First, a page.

Les Miserables - Valjean Becomes Mayor - Audio Reading

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In this audio clip, Carole Bos reads from Les Miserables, Volume I - Book Fifth ("The Descent") - Chapter VII (entitled "Fauchelevent Becomes a Gardener in Paris"). 

Fauchelevent had dislocated his kneepan in his fall. Father Madeleine had him conveyed to an infirmary which he had established for his workmen in the factory building itself, and which was served by two sisters of charity. On the following morning the old man found a thousand-franc bank-note on his night-stand, with these words in Father Madeleine’s writing: “I purchase your horse and cart.” The cart was broken, and the horse was dead. Fauchelevent recovered, but his knee remained stiff. M. Madeleine, on the recommendation of the sisters of charity and of his priest, got the good man a place as gardener in a female convent in the Rue Saint-Antoine in Paris.

Some time afterwards, M. Madeleine was appointed mayor. The first time that Javert beheld M. Madeleine clothed in the scarf which gave him authority over the town, he felt the sort of shudder which a watch-dog might experience on smelling a wolf in his master’s clothes. From that time forth he avoided him as much as he possibly could. When the requirements of the service imperatively demanded it, and he could not do otherwise than meet the mayor, he addressed him with profound respect.

This prosperity created at M. sur M. by Father Madeleine had, besides the visible signs which we have mentioned, another symptom which was nonetheless significant for not being visible. This never deceives. When the population suffers, when work is lacking, when there is no commerce, the tax-payer resists imposts through penury, he exhausts and oversteps his respite, and the state expends a great deal of money in the charges for compelling and collection. When work is abundant, when the country is rich and happy, the taxes are paid easily and cost the state nothing. It may be said, that there is one infallible thermometer of the public misery and riches,—the cost of collecting the taxes. In the course of seven years the expense of collecting the taxes had diminished three-fourths in the arrondissement of M. sur M., and this led to this arrondissement being frequently cited from all the rest by M. de Villele, then Minister of Finance.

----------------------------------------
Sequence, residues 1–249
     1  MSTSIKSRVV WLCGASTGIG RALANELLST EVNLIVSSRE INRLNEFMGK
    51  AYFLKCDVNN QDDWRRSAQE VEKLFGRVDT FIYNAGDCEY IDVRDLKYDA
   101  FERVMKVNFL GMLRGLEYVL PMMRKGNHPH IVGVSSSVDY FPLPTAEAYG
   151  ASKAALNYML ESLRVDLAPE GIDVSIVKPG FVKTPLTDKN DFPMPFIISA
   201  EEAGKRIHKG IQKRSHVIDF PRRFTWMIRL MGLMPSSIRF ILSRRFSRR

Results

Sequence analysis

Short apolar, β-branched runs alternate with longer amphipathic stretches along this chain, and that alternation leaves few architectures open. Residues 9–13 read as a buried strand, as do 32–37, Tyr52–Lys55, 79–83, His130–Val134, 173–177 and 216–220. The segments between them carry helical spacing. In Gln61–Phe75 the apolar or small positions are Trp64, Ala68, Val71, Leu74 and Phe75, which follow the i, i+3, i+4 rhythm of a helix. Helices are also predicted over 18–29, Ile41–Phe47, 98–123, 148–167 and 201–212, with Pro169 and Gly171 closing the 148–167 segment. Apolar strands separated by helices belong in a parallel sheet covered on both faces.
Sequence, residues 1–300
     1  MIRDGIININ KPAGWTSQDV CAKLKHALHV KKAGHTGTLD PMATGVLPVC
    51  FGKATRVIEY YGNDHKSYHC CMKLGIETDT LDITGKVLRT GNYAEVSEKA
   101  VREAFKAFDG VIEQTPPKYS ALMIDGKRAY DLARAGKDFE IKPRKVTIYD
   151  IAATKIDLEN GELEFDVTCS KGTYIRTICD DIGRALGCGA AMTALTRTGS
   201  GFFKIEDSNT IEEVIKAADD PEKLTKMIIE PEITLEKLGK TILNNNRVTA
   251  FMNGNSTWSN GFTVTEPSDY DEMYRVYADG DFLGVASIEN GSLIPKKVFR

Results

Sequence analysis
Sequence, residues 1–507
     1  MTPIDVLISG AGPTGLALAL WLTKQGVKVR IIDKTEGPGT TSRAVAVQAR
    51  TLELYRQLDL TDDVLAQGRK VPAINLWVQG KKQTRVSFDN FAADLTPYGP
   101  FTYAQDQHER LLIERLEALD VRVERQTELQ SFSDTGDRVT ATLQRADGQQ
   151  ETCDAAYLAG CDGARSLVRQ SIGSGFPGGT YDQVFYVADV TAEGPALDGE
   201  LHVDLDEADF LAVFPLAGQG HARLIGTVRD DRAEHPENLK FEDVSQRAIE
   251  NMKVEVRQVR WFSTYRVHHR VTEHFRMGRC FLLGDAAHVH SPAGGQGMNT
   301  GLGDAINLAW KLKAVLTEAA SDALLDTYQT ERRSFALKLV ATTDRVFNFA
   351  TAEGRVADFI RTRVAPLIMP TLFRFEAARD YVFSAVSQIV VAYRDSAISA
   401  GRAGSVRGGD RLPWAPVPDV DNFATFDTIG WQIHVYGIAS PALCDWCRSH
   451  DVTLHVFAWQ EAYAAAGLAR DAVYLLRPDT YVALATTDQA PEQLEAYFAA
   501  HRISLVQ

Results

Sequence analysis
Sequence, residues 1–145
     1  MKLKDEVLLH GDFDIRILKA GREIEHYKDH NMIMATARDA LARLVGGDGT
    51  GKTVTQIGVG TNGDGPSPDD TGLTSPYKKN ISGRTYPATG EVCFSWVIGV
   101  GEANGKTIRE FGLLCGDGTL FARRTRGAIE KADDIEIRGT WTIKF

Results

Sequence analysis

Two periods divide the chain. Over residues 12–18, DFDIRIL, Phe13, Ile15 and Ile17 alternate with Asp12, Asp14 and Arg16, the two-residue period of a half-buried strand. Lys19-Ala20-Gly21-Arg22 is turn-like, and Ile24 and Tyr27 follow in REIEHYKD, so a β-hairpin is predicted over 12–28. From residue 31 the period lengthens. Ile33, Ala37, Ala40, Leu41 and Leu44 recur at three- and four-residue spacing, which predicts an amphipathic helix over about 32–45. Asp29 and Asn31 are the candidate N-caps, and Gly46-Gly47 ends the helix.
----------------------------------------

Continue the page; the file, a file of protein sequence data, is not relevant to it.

Such was the condition of the country when Fantine returned thither. No one remembered her. Fortunately, the door of M. Madeleine’s factory was like the face of a friend. She presented herself there, and was admitted to the women’s workroom. The trade was entirely new to Fantine; she could not be very skilful at it, and she therefore earned but little by her day’s work; but it was sufficient; the problem was solved; she was earning her living.

As you listen, or read along, consider these topics.


Father Madeleine has rescued Fauchelevent from being crushed by the horse cart, even though the old man had frequently disparaged Madeleine before the accident.   Is Victor Hugo being true-to-life when he has Madeleine go through with the rescue? 

How likely would it be, in today's world, that someone like Madeleine would have rescued someone like Fauchelevent? 

Is care and concern for others - including for those individuals who bad-mouth us behind our backs - a rare, or a common, trait in today's world? 

Madeleine also buys Fauchelevent's dead horse and broken cart.  What does that tell us about Madeleine?  What was he trying to tell Fauchelevent by those actions? 

The people of Montreuil-sur-Mer elect Father Madeleine as their mayor, soon after he rescued Fauchelevent.  Did that rescue play a role in the election?  Why, or why not?

If this type of rescue situation took place today, would voters electing government officials be more or less likely to vote for someone who had risked his own life to save another - or - would it even matter to anyone?      

Les Miserables, Volume I, Book Fifth, Chapter VII - "Fauchelevent Becomes a Gardener in Paris"

By Victor Hugo

As you listen to this chapter, you can follow along online.  See the translation by Isabella Hapgood (at Project Gutenberg), which is opened to "Fauchelevent Becomes a Gardener in Paris."


Additional dramatizations of Les Miserables:

Part 1 - Bishop Myriel Helps Jean Valjean

Part 2 - Jean Valjean, Background

Part 3 - Jean Valjean, Prison Impact

Part 4 - Meet Javert

Part 5 - Saving Fauchelevent (Javert Suspects It's Valjean)

Part 7 - Valjean Helps Fantine

Part 8 - Valjean Promises Fantine a Future

Part 9 - Valjean Rebukes Javert


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Author: Carole D. Bos, J.D. 5183stories and lessons created

Original Release: Oct 07, 2013

Updated Last Revision: Apr 16, 2019

Media Credits

Les Miserables, Volume I, Book Fifth, Chapter VII - "Fauchlevent Becomes a Gardener in Paris" - by Victor Hugo.  Read by Carole Bos, creator of Awesome Stories.


To cite this story (For MLA citation guidance see easybib or OWL ):

"Les Miserables - Valjean Becomes Mayor - Audio Reading" AwesomeStories.com. Oct 07, 2013. Jul 17, 2019.
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